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Rajah of Venkatagiri Vs. Sura Krishna Reddi and anr. - Court Judgment

LegalCrystal Citation
SubjectCivil
CourtChennai
Decided On
Reported in(1920)39MLJ472
AppellantRajah of Venkatagiri
RespondentSura Krishna Reddi and anr.
Cases ReferredKommareddi Subareddi v. Kollipara Veerayya Tata
Excerpt:
- - 1. certain cattle were attached in execution of a decree in favour of the appellant and the amin in accordance with, the civil rules of practice under the rule of the high court and order 21, rule 43 made over the cattle to a villager for safe custody and production in court for which he executed a bond with two sureties. order 21, rule 43 empowers the amin of the court entrusted with the warrant of attachment to make over cattle or moveable property of a like nature to the custody of a villager on his executing a bond......prima facie intended for cases in which restitution is sought against the person who has taken the property in execution of the decree and restitution is to be made by such' a person. here it would be stretching the language of the code too far to say that the sureties took the property in execution of the decree. we agree therefore with the interpretation put on this clause by mr. justice sadasiva aiyar in kommareddi subareddi v. kollipara veerayya tata 9 l. w. 476.3. it is also argued that clause (c) applies. that says : that the surety bond can be executed against the person who has made himself liable for the payment of any money, or for the fulfilment of any condition imposed on any person, under an order of the court in any suit or in any proceeding consequent thereon. here there.....
Judgment:

1. Certain cattle were attached in execution of a decree in favour of the appellant and the amin in accordance with, the Civil Rules of Practice under the rule of the High Court and Order 21, Rule 43 made over the cattle to a villager for safe custody and production in Court for which he executed a bond with two sureties. The appellant applied in execution to enforce the bond against the respondent sureties on their failuie to have the cattle, produced in accordance with the bond. The question is whether the bond could be enforced in this way under Section 145.

2. It is argued that Clause (b) of Section 145 applies. It says : ' Where any person has become liable as surety for the restitution of any property taken in execution of a decree,' then the decree may be executed against him to the same extent to which he has rendered himself personally liable in the manner provided in the Code for the execution proceedings.' This clause is prima facie intended for cases in which restitution is sought against the person who has taken the property in execution of the decree and restitution is to be made by such' a person. Here it would be stretching the language of the Code too far to say that the sureties took the property in execution of the decree. We agree therefore with the interpretation put on this clause by Mr. Justice Sadasiva Aiyar in Kommareddi Subareddi v. Kollipara Veerayya Tata 9 L. W. 476.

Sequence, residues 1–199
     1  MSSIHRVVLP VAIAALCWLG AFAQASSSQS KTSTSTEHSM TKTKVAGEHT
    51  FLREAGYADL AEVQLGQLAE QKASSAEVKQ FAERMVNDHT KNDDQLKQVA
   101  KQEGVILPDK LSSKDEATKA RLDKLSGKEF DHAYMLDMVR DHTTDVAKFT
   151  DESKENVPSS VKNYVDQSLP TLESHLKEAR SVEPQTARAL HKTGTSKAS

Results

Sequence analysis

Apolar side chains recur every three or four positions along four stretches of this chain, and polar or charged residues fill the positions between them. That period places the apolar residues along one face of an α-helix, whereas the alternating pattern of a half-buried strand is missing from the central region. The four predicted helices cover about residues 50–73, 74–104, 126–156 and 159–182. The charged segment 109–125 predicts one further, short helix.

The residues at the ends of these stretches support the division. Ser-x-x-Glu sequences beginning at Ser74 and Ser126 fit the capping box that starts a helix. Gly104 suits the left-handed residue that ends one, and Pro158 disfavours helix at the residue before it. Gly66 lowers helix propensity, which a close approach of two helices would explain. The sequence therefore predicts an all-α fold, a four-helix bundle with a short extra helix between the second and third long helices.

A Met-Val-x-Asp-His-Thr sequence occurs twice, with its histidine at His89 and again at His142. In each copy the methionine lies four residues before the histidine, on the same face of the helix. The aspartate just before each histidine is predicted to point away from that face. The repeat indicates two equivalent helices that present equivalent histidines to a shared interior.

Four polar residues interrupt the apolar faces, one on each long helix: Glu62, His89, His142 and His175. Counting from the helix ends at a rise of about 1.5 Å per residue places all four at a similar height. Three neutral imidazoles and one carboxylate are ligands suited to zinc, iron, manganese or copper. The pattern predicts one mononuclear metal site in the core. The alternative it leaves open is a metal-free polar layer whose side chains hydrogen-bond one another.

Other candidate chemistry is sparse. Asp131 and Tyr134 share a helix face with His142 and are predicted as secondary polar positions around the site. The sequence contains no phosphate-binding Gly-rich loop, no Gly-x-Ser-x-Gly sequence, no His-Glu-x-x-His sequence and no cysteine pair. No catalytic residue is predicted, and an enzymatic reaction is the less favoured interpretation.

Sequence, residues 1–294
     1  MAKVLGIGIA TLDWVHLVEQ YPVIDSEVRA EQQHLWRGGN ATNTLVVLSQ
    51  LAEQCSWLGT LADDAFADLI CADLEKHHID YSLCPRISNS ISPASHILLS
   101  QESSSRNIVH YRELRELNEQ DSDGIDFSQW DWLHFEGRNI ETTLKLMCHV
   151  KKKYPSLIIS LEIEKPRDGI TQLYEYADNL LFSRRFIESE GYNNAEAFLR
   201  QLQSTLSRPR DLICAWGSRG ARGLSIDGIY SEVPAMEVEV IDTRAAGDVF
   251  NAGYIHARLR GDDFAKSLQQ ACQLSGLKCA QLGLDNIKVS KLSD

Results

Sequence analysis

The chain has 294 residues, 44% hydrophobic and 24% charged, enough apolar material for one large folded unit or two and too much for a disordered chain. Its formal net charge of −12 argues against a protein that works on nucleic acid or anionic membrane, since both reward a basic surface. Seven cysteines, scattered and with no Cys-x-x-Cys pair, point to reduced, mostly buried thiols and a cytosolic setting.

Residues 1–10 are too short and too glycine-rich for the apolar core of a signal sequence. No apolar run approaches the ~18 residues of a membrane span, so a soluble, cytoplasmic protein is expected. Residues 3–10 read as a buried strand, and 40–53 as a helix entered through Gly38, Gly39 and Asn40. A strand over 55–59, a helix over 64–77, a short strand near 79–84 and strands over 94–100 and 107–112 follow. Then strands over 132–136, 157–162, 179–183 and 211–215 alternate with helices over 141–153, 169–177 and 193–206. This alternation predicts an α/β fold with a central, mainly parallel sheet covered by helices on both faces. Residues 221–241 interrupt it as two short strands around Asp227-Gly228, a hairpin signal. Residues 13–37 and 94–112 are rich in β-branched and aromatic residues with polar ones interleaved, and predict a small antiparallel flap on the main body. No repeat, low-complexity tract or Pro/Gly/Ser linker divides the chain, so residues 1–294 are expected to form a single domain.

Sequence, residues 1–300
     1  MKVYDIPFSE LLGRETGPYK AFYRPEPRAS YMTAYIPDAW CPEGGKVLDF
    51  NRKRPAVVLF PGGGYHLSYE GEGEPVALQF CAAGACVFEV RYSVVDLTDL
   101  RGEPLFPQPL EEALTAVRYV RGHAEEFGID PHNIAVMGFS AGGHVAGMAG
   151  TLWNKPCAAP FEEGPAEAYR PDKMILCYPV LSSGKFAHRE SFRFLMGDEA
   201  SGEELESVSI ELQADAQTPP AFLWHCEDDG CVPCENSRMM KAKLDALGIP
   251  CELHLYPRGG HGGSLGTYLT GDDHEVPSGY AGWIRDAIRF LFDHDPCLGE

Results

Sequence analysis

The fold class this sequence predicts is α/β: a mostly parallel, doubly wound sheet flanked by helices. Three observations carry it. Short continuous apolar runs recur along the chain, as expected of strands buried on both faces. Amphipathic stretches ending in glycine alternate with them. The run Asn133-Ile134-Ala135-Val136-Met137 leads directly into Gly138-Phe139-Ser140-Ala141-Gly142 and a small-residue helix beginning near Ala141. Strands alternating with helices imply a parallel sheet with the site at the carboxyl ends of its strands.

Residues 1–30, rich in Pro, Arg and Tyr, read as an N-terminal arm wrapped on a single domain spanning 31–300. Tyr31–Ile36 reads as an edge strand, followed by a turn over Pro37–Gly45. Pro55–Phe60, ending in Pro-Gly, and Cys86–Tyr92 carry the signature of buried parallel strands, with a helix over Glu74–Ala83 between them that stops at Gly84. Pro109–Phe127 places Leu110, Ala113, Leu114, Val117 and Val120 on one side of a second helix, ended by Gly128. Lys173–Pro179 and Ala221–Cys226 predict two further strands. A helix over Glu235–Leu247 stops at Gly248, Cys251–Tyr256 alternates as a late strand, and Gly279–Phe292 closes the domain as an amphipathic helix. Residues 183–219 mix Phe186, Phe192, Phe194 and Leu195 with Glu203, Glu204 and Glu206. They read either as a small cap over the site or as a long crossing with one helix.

3. It is also argued that Clause (c) applies. That says : that the surety bond can be executed against the person who has made himself liable for the payment of any money, or for the fulfilment of any condition imposed on any person, under an order of the Court in any suit or in any proceeding consequent thereon. Here there was no order of the Court under which any money was to be paid by any person or which required him to fulfil any condition imposed on him. Order 21, Rule 43 empowers the amin of the Court entrusted with the warrant of attachment to make over cattle or moveable property of a like nature to the custody of a villager on his executing a bond. The act, therefore, is that of the amin dons under the authority conferred on him by law. The Court could not be said to have passed any order in this case under which the bond was taken. The Court had not the terms of the bond before it, the Court knew nothing about it, until the amin's return was made. We must therefore hold that Clause (c) also does not apply. The only remedy open to the appellant (decree-holder) is to get the bond assigned by the Judge himself and to sue upon it as pointed out in the case abovementioned. The petition is dismissed. No costs.


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